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The C and C++ standards all include text to the effect that if a stringize operation fails to produce a valid string literal token, the behavior is undefined. In C++11 this is actually possible, by including a newline character in a raw string literal. But the catch-all has always been there in the standards.

Is there any other way that stringize can produce UB, where UB or an ill-formed program hasn't already happened?

I'd be interested to hear about any dialect of C or C++ whatsoever. I'm writing a preprocessor.

share|improve this question
Most people struggle to get them to work, not to fail. – Mark Ransom Jul 2 '13 at 1:58
Hah… I'd like to verify that failure works, i.e. get a testcase. The trick with newlines doesn't help because I trap it and add a \n. (Well, it's a "\\\\n" if you're counting backslashes.) – Potatoswatter Jul 2 '13 at 2:58
Ok then I did not get what you are asking, you need preprocessor testcases. mcpp has some validation suite. – Öö Tiib Jul 2 '13 at 6:00
up vote 4 down vote accepted

The stringify (#) operator only escapes \ in string constants. Indeed, \ has no particular significance outside of a string constant, except at the end of a line. It is, therefore, a preprocessing token (C section 6.4, C++ section 2.5).

Consequently, if we have

#define Q(X) #X



is a legitimate call: the \ is a preprocessing token which is never converted to a token, so it's valid. But you can't stringify \; that would give you "\" which is not a valid string literal. Hence, the behaviour of the above is undefined.

Here's a more amusing test case:

#define Q(A) #A
#define ESCAPE(c) Q(\c)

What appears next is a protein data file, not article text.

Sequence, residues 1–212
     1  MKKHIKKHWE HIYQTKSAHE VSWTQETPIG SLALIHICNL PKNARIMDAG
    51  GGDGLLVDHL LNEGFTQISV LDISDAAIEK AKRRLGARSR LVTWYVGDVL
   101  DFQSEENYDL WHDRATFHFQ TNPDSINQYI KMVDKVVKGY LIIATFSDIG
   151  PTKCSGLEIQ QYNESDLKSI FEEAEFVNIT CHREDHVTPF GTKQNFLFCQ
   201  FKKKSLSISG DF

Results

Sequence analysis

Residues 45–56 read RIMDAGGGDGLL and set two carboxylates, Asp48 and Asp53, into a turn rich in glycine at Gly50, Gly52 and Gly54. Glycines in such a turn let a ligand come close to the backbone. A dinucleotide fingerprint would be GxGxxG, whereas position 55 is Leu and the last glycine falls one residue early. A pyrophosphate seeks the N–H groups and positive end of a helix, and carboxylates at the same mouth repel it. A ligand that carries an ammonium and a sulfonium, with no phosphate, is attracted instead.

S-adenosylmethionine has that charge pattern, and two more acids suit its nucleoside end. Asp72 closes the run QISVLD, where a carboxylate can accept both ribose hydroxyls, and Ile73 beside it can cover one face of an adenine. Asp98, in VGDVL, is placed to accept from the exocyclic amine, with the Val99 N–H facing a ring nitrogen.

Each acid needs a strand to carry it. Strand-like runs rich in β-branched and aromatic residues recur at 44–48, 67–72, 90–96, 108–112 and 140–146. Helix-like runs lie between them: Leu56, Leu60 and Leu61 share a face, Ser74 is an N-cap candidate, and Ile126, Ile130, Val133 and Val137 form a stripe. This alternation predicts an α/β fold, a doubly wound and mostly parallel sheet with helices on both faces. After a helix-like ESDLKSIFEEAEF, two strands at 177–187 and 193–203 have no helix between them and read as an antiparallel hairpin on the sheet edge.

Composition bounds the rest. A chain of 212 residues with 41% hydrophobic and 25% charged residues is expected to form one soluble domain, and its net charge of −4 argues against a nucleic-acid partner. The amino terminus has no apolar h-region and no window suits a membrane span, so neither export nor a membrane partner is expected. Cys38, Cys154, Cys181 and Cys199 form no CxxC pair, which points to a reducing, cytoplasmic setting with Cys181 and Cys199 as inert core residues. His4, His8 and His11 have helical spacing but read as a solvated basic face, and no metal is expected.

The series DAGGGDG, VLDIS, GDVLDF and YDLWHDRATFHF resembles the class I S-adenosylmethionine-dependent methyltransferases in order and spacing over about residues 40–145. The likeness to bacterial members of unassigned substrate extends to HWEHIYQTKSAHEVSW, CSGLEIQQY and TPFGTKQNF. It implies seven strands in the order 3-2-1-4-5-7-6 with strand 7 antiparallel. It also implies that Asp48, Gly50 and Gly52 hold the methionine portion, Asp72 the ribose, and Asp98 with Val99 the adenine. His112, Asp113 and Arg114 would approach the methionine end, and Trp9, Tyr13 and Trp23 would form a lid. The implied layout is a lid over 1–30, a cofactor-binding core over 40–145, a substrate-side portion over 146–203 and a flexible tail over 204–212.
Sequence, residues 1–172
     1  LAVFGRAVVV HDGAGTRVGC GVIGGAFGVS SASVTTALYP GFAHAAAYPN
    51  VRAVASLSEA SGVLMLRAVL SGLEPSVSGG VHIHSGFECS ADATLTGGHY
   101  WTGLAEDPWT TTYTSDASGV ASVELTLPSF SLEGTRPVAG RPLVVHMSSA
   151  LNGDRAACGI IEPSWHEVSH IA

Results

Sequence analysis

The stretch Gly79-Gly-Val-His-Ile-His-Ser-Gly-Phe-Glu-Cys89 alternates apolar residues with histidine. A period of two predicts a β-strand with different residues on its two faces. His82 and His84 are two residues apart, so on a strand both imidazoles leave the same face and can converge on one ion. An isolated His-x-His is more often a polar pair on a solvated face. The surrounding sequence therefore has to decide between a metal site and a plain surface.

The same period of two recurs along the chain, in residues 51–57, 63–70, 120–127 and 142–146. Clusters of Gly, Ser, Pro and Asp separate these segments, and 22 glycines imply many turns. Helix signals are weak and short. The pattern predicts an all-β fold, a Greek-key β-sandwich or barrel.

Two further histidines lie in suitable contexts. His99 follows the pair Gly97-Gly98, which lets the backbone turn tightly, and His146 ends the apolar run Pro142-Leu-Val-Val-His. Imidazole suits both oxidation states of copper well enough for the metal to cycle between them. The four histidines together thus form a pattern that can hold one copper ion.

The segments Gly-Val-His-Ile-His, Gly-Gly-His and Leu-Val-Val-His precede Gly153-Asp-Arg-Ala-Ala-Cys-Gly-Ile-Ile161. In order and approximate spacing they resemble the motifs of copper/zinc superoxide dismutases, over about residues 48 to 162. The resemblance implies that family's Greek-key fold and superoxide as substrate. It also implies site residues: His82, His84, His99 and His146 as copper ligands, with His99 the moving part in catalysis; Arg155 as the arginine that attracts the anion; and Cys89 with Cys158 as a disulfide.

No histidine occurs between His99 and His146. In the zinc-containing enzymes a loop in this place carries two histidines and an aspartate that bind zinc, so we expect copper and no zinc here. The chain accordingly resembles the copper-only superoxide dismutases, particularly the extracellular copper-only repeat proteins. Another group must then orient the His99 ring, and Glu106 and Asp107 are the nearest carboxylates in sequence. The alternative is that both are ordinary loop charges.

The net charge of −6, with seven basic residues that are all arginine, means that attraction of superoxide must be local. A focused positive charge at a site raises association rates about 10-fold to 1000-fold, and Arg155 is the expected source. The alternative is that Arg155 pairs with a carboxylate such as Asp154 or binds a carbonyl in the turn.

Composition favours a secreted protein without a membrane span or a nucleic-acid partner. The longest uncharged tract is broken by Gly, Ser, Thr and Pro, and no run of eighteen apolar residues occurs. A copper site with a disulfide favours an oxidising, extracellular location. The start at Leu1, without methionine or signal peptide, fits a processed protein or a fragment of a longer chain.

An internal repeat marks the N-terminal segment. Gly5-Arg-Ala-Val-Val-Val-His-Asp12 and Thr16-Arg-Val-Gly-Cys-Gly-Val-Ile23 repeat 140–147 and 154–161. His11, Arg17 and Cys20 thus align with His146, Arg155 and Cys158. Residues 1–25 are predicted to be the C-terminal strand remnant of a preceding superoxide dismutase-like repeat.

const char* new_line=ESCAPE(n);
const char* undefined_behaviour=ESCAPE(x);

A less interesting case of an undefined stringify is where the stringified parameter would be too long to be a string literal. (The standards recommend that the maximum size of a string literal be at least 65536 characters, but say nothing about the maximum size of a macro argument, which could presumably be larger.)

share|improve this answer
Thanks! Shoulda thought of that. An unterminated string is already something I've tested in raw string catenation, and this gets trapped the exact same way :) . Your more amusing case doesn't appear to be UB in the preprocessor; it's exactly the same as writing "\x" or am I missing something? (Escape sequences are translated later.) – Potatoswatter Jul 2 '13 at 6:43
@Potatoswatter: A string literal contains s-chars, escape-sequences and universal-character-names. \x is none of the above. So "\x" is not a valid string literal, the way I see it, and thus how the preprocessor deals with ESCAPE(x) (or, for that matter, ESCAPE(*)) is undefined. So the preprocessor could, if it chose, replace both of them with a smiley. – rici Jul 2 '13 at 6:56
At least in C++, "Escape sequences in which the character following the backslash is not listed in Table 7 are conditionally-supported, with implementation-defined semantics." So for a discrete preprocessor, I think trapping that would be a bit restrictive. But you are right, that is the grammar :) Thanks again! – Potatoswatter Jul 2 '13 at 7:00
@Potatoswatter: I agree, but I don't think that applies to \x. In any event, for UB there are no criteria at all, so whatever you decide is cool. You could even allow ESCAPE(x) "7F", although "\x" "7F" is probably an error. (And even then, I don't think it's an error which needs to be reported.) By the way, how do you use stringify to generate a raw string literal, never mind put a newline into one? – rici Jul 2 '13 at 7:07
Catenation can generate an unterminated raw string literal. A raw string literal containing a newline character is a valid input to stringizing. Those are different cases. But the same encapsulated tokenizer is used to implement both operators, so it's a common code path for me. As for that last example, "\x" "7F" is not allowed to catenate to "\x7F" because character translation and literal catenation occur in phases 5 and 6, respectively. – Potatoswatter Jul 2 '13 at 7:21

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